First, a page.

At present, gun play is not a big issue in our lives.  My kids are relatively young; I don’t know how these issues will pan out when they are older.  For now, we don’t have any overtly violent toys around.  Actually, and for the record, I’m the mother on the street who tries to have mostly toys made of natural materials and which are open-ended.  The plastic guns that my sister once presented to the boys quickly disappeared.  We’ve also received many gifts and hand-me-downs (Power Rangers, Star Wars paraphrenalia, superhero stuff) that aren’t exclusively defined by violence, but I’ve re-directed these too for a range of reasons, including a desire to avoid the slippery slope phenomenon.

Water “squirt” toys, I’ve allowed.  I can’t prevent a cardboard tube from becoming a spear and I won’t try to, but I’m more comfortable with that.  If the play seems to come from within rather than without, I feel better.

I suspect that we have fewer issues with weapon play partly because we don’t watch TV and thus avoid commercials.  We have a handful of carefully screened DVDs that get an occasional viewing.  I’m somewhat less fussy when we go out, partly because I don’t want to be a social pariah and partly because I don’t want the children to live in a bubble.  But deciding what they have access to in terms of toys and imagery at home, I see as a fairly basic mothering task, along the same lines of determining what to encourage and discourage in their worlds in terms of eating, sleeping, and other behaviours.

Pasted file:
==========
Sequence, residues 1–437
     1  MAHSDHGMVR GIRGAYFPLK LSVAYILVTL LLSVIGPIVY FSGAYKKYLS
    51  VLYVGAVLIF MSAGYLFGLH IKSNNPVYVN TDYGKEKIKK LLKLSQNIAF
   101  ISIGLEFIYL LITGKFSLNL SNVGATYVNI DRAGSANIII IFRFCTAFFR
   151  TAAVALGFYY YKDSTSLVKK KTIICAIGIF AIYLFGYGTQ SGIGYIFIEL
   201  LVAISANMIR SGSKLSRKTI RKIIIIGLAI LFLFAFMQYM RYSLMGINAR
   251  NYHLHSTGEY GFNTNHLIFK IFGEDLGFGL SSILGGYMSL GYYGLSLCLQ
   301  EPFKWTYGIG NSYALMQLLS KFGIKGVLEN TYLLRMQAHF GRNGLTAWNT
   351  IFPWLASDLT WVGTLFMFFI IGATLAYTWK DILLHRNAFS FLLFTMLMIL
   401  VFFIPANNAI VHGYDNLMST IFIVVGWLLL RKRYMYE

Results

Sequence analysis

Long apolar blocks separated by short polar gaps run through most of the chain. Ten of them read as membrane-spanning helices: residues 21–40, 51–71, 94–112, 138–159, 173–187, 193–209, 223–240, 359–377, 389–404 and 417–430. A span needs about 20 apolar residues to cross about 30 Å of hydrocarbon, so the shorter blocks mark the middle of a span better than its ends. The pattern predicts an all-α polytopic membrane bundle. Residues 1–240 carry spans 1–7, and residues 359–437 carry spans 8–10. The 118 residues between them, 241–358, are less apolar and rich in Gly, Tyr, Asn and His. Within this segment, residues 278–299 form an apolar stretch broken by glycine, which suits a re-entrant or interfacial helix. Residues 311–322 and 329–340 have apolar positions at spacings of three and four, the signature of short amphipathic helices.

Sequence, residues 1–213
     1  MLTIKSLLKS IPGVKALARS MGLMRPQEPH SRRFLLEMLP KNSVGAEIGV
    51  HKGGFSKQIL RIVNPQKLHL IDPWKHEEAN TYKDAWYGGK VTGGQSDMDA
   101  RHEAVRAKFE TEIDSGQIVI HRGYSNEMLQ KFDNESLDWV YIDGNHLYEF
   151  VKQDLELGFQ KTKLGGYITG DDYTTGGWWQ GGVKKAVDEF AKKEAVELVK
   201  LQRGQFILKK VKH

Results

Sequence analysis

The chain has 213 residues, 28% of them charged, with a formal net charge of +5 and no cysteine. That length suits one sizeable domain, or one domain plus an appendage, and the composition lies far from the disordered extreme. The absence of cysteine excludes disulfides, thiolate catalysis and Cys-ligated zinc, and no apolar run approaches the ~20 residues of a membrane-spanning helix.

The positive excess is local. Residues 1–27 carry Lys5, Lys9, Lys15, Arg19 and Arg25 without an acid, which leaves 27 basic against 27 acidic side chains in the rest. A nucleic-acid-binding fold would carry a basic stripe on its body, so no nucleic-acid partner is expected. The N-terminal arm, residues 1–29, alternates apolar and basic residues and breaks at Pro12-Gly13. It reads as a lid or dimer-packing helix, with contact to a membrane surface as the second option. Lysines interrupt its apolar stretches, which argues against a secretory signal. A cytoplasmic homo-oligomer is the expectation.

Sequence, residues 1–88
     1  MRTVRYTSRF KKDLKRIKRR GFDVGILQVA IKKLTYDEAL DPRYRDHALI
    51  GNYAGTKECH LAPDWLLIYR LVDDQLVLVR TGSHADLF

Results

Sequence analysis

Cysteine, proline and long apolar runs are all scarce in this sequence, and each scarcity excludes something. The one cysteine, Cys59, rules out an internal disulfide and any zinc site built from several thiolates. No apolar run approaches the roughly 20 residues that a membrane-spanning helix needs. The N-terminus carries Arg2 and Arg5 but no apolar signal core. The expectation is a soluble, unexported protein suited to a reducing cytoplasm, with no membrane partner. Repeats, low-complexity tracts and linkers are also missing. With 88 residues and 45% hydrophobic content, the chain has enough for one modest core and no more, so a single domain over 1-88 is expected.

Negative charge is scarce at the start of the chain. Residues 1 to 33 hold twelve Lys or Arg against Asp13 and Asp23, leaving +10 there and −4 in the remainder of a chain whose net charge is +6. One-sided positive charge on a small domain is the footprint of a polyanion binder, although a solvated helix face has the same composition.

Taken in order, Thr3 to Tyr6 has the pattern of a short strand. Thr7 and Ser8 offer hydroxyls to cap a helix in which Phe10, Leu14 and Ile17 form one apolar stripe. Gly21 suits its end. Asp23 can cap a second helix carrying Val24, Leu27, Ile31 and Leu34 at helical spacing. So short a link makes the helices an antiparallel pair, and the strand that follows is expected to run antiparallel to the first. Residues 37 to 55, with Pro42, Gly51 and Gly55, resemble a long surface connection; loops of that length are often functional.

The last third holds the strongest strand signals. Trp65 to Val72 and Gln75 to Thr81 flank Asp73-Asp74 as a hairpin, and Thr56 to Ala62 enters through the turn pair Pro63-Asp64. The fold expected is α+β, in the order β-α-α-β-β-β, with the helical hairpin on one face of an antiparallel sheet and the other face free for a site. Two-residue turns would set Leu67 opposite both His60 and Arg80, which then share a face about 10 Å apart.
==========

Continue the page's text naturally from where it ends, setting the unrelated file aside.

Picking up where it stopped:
There’s no perfection here, but it’s good enough.  My boys fight and hit each other, but at the least it’s their own brand of conflict, not something lifted from Disney or Pixar.  My older son has Spiderman pyjamas, even if he doesn’t exactly know who he is.  When he’s tired, my husband watches movies (that might as well be) called Shootdown Massacres III (I’m hardly free of escapist vices, but my husband’s conveniently fit here because we’re talking about guns).  I can’t complain that he’s more violent as a consequence, because he isn’t.  But I’ve noticed that when he’s more on his game, he’ll watch more engaging films, or read, or play guitar, or do something active.

I guess that’s what I hope for for my own kids, that they’ll be able to make better choices for themselves if the narrow societal notions of male power and violence have less of a hold on them, if they’re less accustomed to the messages that boys are fed early in and throughout their childhood.  Whatever violence remains in the act of growing up and getting sorted and finding one’s place, I hope the boys will, at least, be able to call their own.